Slow chats encourage extended contemplation. They promote active engagement over frenetic response or the passive lurking of learners overwhelmed by rapid-fire tweets.

That a contemplative practice can occur on Twitter is a promising (and welcome) irony. Check out slow chats here!

How-focused implementation:

  1. Every Monday and Thursday, Sylvia creates and posts a new question.

Slow Chat

2. Sylvia begins with an introduction followed by the question.

Slow Chat 2

3. During the intervening days, Sylvia responds to participants.

 

Why It Works:

Twitter in educational contexts has research-based support. Research indicates that affinity spaces are necessary for student-led inquiry and learning engagement (Gee, 2004, 2017, Lammers, et al., 2017).  Why? Because affinity spaces connect shared interest and engagement with activity (Gee, 2004, 2017).

Engagement on social media follows a continuum (Tsai & Men, 2013).

infographic created by Teague

 

 


 

References

Cho, M., & Auger, G. A. (2017). Extrovert and engaged? Exploring the connection between personality and involvement of stakeholders and the perceived relationship investment of nonprofit organizations. Public Relations Review43(4), 729-737.

Gee, J. P. (2004). Affinity spaces. Situated language and learning: A critique of traditional schooling. London: Routledge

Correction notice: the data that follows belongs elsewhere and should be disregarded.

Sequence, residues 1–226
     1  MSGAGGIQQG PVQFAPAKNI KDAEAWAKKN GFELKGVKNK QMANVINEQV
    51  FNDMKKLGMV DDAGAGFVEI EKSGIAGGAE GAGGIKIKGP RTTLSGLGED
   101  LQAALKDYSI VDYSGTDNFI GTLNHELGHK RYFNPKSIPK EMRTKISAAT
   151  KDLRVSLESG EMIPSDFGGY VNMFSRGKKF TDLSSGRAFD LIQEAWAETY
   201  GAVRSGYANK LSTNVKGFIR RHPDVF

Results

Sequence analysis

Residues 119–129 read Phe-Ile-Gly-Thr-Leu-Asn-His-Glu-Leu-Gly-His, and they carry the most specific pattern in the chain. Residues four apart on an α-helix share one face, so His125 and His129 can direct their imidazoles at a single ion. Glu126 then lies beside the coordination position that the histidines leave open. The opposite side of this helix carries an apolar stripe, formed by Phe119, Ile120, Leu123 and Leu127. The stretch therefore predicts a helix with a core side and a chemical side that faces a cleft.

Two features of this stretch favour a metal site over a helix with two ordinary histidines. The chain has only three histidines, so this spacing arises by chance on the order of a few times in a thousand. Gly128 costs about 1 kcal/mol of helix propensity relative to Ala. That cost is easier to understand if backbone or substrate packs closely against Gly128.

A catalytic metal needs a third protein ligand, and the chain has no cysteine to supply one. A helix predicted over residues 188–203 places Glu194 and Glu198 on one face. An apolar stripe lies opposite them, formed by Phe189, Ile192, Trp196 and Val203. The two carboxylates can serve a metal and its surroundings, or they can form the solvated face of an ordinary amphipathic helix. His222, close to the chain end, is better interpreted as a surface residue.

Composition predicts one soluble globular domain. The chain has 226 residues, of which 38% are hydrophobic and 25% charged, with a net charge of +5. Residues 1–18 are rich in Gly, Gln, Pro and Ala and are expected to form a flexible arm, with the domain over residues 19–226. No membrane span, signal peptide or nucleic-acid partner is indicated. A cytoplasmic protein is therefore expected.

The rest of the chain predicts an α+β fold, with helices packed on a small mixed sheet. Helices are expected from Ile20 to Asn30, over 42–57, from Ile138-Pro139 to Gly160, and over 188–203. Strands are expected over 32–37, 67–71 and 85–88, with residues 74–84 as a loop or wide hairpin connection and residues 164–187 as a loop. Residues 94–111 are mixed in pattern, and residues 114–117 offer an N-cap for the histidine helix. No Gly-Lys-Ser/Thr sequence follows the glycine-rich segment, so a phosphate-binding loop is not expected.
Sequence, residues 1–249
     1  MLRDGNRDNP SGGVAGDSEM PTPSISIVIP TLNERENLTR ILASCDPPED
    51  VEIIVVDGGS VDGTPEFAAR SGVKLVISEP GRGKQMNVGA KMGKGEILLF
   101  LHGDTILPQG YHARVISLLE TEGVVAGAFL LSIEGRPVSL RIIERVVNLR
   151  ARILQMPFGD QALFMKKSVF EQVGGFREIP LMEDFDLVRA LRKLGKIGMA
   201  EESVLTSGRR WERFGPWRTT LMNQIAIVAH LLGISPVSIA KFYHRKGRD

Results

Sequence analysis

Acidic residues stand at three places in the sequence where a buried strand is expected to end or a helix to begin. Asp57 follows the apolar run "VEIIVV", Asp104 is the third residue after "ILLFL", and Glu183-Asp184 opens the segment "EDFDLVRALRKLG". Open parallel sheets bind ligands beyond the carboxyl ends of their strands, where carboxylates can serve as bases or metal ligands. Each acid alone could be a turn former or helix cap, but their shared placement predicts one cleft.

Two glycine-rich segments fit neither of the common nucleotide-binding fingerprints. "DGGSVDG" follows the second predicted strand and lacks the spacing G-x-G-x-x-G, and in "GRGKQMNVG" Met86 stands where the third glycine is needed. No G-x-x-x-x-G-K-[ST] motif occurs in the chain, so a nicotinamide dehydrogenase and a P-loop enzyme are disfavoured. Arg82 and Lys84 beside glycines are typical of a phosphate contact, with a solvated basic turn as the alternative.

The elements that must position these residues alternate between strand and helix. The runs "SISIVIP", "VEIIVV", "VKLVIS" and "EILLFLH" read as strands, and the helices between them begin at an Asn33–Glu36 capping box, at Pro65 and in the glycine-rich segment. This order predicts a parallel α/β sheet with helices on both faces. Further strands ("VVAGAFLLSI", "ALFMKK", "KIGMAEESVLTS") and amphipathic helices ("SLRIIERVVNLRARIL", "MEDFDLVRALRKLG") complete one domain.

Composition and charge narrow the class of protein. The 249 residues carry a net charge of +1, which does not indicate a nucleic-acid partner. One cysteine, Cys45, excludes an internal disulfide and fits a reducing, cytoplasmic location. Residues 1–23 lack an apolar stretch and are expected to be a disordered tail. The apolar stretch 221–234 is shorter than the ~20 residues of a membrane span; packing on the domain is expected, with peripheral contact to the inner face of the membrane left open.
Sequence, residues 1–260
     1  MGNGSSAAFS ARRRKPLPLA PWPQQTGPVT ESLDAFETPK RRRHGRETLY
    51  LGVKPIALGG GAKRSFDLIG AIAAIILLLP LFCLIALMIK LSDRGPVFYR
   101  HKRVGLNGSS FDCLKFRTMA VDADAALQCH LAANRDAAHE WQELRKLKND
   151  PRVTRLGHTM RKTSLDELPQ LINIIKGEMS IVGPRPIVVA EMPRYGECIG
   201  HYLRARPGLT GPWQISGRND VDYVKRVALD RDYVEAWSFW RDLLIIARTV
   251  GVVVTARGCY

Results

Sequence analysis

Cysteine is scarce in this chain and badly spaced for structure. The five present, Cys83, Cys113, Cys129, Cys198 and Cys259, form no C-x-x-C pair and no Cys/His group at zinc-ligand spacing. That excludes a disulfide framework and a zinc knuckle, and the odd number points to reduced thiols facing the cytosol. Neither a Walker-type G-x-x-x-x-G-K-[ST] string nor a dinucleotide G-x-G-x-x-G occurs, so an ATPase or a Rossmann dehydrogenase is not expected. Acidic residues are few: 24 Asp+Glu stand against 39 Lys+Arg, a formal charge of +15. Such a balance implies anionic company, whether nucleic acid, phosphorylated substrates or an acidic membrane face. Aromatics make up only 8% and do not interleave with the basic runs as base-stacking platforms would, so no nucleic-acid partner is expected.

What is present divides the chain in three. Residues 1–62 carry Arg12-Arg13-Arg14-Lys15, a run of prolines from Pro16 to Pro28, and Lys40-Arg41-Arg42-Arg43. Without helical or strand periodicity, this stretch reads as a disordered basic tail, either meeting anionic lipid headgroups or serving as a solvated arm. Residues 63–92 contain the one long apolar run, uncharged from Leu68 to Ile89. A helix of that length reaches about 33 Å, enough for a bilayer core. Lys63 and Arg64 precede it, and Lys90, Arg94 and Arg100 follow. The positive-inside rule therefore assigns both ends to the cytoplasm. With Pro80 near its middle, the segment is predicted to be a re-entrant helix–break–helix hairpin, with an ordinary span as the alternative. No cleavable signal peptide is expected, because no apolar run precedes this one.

Gee, J. P. (2017). Affinity spaces and 21st century learning. Educational Technology, 27-31.

Tsai, W. H. S., & Men, L. R. (2013). Motivations and antecedents of consumer engagement with brand pages on social networking sites. Journal of Interactive Advertising, 13(2), 76-87.

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Weekend Ed. Quote ~ August 24

“too slow, too big, pretty, and touchy-feely”  ~the 2007 description of the iPhone, Time Magazine’s Invention of the Year for 2007

 

Not all impressions are accurate (kinda applies to the engaged classroom through the eyes of outsiders).

 

 

 

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Back-to-School Survival Tip # 5


 

Many school classes begin this week… here is a back-to-school survival tip: Build Your Sanctuary Fort


 

 

via GIPHY

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Back-to-School Survival Tip #4

Amazon/Thriftbooks/AbeBooks your reading list

 

via GIPHY

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Back-to-School Survival Tip #3


Many school classes begin this week… here is a back-to-school survival tip: Stock up on Supplies


 

 

via GIPHY

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Back-to-School Survival Tip #2

Many Texas schools begin tomorrow… here is a back-to-school survival tip:


Bed Chill GIF by SLOTHILDA - Find & Share on GIPHY

 


 

See more Back-to-School Survival Tips

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Back-to-School Survival Tip #1


Many school classes begin this week… here is a back-to-school survival tip: Laugh During Meetings


 

 

Video by Gerry Brooks, the Funniest Principal on the Planet

 


 

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Weekend Ed. Quote – August 17

“Order emerges at the edge of chaos.” Roger Lewin and Birute Regine, The Soul at Work

 

… a busy, innovative, thriving classroom (or online discussion board, or boardroom) sometimes is chaotic.